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Randy RHINEHART Plaintiff - Appellant v. Andrew SAUL, Commissioner, Social Security Administration Defendant - Appellee
Randy Rhinehart, who suffers from an intellectual disorder, applied for supplemental security income under the Social Security Act. The administrative law judge (“ALJ”) concluded that his limitations, although severe, do not rise to the level of a disability. The magistrate judge 1 affirmed, and so do we.
The ALJ determined that Rhinehart is not disabled for two reasons. See 42 U.S.C. § 1382c(a)(3)(A) (defining “disability,” as relevant here, as an inability to work because of a “physical or mental impairment”). First, his intellectual disorder is not severe enough to qualify as a “listed impairment.” See 20 C.F.R. pt. 404, subpt. P, app. 1; Carlson v. Astrue, 604 F.3d 589, 592 (8th Cir. 2010) (“If the ALJ finds that a claimant has an impairment that meets or equals one of the listings, then the claimant will be found disabled.”). Second, jobs for someone with Rhinehart’s limitations exist in the national economy.
In reviewing these determinations, we do not “reweigh the evidence presented to the ALJ.” Johnson v. Colvin, 788 F.3d 870, 872 (8th Cir. 2015) (citation omitted). Rather, we will affirm if they are supported by “substantial evidence” in the record as a whole, “even if inconsistent conclusions may be drawn from the evidence, and even if we may have reached a different outcome.” McNamara v. Astrue, 590 F.3d 607, 610 (8th Cir. 2010).
We begin with the ALJ’s finding that Rhinehart did not establish a listed impairment. See 20 C.F.R. pt. 404, subpt. P, app. 1, § 12.05B. According to the ALJ, he met one requirement—“[s]ignificantly subaverage general intellectual functioning”—but not the other—“[s]ignificant deficits in adaptive functioning.” Id. Rhinehart attempted to establish that he suffered from adaptive-functioning deficits through proof that he had “marked” limitations in his ability to both “[i]nteract with others” and “[c]oncentrate, persist, or maintain pace.” Id. § 12.05B(2)(b), (c); see also id. § 12.00F(2) (explaining the five-point scale for characterizing limitations under section 12.05(b)). The ALJ found that the evidence did not establish “marked” limitations in either.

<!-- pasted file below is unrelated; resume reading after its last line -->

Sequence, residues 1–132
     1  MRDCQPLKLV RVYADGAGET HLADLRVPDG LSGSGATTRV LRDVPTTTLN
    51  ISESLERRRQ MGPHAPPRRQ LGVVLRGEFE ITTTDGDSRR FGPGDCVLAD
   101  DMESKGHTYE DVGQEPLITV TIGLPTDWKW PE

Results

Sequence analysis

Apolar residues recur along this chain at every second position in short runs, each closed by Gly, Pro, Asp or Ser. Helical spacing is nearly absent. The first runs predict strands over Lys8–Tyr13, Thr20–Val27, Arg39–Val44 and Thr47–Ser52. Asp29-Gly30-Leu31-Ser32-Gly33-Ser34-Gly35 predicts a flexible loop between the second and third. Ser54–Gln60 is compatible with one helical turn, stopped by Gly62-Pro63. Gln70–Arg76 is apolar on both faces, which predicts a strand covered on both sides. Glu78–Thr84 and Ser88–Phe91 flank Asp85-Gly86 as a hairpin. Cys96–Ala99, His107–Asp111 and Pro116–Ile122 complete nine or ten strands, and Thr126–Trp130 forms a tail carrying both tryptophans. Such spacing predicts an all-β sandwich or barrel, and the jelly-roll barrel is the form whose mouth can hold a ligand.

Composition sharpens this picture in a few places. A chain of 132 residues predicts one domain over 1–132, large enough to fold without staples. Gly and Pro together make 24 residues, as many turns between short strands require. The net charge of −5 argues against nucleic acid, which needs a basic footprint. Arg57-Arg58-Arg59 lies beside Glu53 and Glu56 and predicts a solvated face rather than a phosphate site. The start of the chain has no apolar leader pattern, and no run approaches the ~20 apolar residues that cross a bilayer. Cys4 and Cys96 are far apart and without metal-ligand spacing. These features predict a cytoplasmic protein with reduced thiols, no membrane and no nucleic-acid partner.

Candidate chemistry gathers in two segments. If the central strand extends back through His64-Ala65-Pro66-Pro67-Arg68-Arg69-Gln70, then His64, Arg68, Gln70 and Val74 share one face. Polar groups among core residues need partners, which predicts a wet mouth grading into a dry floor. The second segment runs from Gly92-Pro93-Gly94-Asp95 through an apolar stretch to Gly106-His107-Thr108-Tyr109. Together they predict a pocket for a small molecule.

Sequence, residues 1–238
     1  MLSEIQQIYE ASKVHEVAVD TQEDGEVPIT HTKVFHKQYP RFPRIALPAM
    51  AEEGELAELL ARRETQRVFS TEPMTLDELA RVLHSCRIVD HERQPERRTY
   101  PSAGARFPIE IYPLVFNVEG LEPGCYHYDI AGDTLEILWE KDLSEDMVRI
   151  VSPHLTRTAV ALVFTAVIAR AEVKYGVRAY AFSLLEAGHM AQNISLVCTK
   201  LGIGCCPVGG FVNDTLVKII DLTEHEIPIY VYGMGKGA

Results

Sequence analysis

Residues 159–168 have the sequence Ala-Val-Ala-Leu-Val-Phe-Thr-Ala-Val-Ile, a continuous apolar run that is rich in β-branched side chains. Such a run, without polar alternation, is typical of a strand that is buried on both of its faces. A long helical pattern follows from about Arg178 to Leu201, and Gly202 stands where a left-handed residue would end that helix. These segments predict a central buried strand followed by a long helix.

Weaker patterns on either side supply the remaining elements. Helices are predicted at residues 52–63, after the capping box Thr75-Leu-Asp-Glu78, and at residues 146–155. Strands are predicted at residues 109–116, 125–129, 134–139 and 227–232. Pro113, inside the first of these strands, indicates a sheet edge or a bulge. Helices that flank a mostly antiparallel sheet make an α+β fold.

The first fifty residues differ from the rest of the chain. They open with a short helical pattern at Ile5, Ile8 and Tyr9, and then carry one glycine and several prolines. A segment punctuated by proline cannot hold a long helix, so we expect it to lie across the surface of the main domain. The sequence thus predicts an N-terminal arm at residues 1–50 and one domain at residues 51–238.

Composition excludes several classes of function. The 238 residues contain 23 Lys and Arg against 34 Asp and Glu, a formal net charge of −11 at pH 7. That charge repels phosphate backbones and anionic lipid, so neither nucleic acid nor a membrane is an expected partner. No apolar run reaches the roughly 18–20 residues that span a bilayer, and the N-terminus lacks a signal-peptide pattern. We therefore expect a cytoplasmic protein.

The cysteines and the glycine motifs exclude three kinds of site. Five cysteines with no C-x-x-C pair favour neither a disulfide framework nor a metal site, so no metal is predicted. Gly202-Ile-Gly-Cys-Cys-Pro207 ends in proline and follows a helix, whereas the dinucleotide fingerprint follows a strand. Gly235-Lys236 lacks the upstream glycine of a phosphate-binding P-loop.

His deficits in interacting with others are, according to the ALJ, mild. The ALJ relied primarily on the testimony of a psychologist who met with Rhinehart on several occasions and reported that Rhinehart had a positive attitude, behaved calmly, and put forth good effort. Rhinehart himself testified that he helps his grandmother, visits his mother, and has volunteered at the local fire department. Even if there is evidence in the record suggesting that Rhinehart struggles with anger-management issues in his interpersonal relationships, substantial evidence still supports the ALJ’s finding that his difficulties in this area are mild. See Byes v. Astrue, 687 F.3d 913, 915 (8th Cir. 2012) (noting that “this court does not reverse even if it would reach a different conclusion, or merely because substantial evidence also supports the contrary outcome” (citation omitted)).
Substantial evidence also supports the ALJ’s finding that Rhinehart is only moderately limited in his ability to “[c]oncentrate, persist, or maintain pace.” 20 C.F.R. pt. 404, subpt. P, app. 1, § 12.05B(2)(c). The psychologist who evaluated him found that he has “average attention and concentration” because he can perform basic tasks like remembering numbers and recalling unrelated words.
To be sure, the psychologist also said that Rhinehart is easily distracted and would not be able to work without supervision. But the ALJ rejected those aspects of the psychologist’s opinion based on other evidence in the record, including Rhinehart’s testimony about the daily activities he performs—like shopping, preparing simple meals, and fishing—without ongoing supervision. It is the ALJ’s responsibility to weigh conflicting evidence, see Fentress v. Berryhill, 854 F.3d 1016, 1021 (8th Cir. 2017), not ours.
There is also substantial evidence that jobs exist for Rhinehart in the national economy. Responding to a hypothetical question from the ALJ, a vocational expert testified that positions are available for those like Rhinehart who have the ability to perform only “simple, routine, [and] repetitive tasks” that require minimal training. Rhinehart protests that the question did not accurately capture his limitations. But this argument, like his others, just reflects the fact that Rhinehart has a fundamentally different view of the evidence than the ALJ. In evaluating the vocational expert’s testimony, the ALJ was entitled to rely on his own findings, not those that Rhinehart wishes he would have made. See Byes, 687 F.3d at 915-16.
The judgment is accordingly affirmed.
1. The Honorable Joe J. Volpe, United States Magistrate Judge for the Eastern District of Arkansas, to whom this case was referred for final disposition by consent of the parties under 28 U.S.C. § 636(c).
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